Buildscript.classpath behaviour when folder is missing

Hi all.

I experienced unintuitive gradle behavior when making a task which deploy yarn application to hadoop cluster. Hadoop requires configuration files to be in classpath and my deployment script is implemented not as subproject but as gradle task itself. So I’ve added folder to buildscript’s classpath.

buildscript {
    dependencies {
        classpath files("build/yarn-conf")

The problem is, that this folder will be created in one of the tasks later and at the moment of gradle start it does not exist. In this case, this classpath call is just ignored (classloader.getResource(‘yarn-site.xml’) will return null). But if the folder exists, let’s say from previous build, then it works just fine (classloader will find resource).

I solved this problem by moving my yarn/hadoop tasks into another gradle file and invoking it as GradleBuild task. External task invocation and classpath evaluation is performed at the moment when config folder exist and this is why it works. but I would like to learn more about the reasons why classpath behaves like file system snapshot at the moment of evaluation. I would think that “classpath files(…)” would just add url to collection and each time classloader.getResource() is called, every url is evaluated. But it seems to me, some validation is performed and if at the moment of adding url does not exist, it won’t be added at all? Any insights on how classpath works would be greatly appreciated.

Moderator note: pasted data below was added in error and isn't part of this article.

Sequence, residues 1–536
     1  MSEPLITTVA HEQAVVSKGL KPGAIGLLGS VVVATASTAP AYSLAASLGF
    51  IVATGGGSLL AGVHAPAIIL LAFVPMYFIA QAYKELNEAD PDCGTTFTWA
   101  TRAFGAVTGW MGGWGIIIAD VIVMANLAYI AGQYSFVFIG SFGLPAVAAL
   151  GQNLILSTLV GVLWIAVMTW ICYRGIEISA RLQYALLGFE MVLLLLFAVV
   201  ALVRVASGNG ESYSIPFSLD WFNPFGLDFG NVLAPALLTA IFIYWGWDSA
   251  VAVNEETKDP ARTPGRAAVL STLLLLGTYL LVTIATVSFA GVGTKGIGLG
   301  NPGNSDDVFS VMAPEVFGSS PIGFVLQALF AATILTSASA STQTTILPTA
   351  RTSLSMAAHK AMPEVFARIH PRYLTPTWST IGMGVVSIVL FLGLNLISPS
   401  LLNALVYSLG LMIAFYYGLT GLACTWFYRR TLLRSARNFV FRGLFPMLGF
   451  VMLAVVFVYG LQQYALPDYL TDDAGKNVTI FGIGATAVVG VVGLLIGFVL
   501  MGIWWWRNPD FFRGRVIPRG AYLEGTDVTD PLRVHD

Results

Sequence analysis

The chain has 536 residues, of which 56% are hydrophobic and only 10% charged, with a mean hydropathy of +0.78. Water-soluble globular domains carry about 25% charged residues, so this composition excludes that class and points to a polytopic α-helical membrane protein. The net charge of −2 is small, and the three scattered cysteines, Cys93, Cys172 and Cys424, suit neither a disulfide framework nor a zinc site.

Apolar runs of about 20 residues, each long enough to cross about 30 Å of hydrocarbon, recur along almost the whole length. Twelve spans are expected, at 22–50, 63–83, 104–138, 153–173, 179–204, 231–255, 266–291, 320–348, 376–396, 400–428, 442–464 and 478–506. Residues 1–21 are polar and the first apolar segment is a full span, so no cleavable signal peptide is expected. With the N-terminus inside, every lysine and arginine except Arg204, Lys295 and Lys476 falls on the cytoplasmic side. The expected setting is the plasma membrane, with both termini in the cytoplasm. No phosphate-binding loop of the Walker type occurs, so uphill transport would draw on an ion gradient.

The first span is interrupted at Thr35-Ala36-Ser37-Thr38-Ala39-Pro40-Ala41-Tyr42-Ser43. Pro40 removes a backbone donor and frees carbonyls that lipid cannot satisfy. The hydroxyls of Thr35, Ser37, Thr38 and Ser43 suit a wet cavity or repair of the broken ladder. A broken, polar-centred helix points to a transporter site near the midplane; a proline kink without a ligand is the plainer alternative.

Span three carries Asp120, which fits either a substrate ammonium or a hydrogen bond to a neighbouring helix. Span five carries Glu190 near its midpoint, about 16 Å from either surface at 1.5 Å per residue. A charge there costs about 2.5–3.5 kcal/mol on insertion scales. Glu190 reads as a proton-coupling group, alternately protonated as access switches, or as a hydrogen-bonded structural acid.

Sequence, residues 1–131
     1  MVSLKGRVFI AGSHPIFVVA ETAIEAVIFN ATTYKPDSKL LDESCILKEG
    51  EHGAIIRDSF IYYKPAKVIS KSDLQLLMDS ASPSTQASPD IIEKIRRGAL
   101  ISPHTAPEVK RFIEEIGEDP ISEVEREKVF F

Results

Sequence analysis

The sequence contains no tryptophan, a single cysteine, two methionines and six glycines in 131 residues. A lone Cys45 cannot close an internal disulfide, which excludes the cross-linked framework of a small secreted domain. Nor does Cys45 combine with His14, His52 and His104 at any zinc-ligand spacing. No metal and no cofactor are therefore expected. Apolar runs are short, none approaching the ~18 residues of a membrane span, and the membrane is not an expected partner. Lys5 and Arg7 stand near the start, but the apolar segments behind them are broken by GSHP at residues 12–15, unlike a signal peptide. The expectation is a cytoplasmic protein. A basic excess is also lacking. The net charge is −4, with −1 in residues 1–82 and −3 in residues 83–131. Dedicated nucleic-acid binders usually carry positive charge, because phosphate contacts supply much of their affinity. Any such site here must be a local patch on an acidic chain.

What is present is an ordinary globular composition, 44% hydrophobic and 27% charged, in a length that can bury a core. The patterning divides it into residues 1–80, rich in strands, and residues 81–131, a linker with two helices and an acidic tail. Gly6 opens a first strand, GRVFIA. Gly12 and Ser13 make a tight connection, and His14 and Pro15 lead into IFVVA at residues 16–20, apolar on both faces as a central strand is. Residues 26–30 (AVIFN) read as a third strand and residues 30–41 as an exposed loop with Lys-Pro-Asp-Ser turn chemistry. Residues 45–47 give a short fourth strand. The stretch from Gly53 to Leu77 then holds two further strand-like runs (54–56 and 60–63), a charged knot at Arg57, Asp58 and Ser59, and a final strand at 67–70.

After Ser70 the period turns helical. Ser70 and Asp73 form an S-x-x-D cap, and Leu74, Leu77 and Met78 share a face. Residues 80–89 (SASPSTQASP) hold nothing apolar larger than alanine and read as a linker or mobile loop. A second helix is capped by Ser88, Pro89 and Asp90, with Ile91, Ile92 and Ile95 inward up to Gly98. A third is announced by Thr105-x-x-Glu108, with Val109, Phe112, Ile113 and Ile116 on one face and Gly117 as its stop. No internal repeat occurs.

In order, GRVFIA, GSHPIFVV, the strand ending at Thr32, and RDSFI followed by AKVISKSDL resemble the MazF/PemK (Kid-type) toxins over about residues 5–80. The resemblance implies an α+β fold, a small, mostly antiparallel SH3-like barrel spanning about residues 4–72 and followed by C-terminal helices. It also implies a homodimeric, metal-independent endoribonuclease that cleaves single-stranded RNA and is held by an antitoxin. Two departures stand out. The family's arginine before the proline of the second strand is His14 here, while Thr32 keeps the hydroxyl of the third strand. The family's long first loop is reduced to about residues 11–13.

The buildscript is what builds your code. It cannot depend on the code it is building. That would be a chicken-and-egg situation.

Instead, use a configuration to hold the classpath for the tool you want and instantiate your own UrlClassLoader in the task’s implementation.

Thank you Stefan,

Using my own class loader is much cleaner way. I’ve ended up with this code:

def startYarnJob(samzaConfigName) {
    def url = new File("${buildDir}/yarn-conf").toURI().toURL()
    def oldLoader = Thread.currentThread().contextClassLoader
    Thread.currentThread().setContextClassLoader(new URLClassLoader([url] as URL[], oldLoader))



Hey Vadim,

if you want to run a main class, you can use a JavaExec task to make your code much cleaner still. You won’t need any classloader magic, as it will be an isolated process.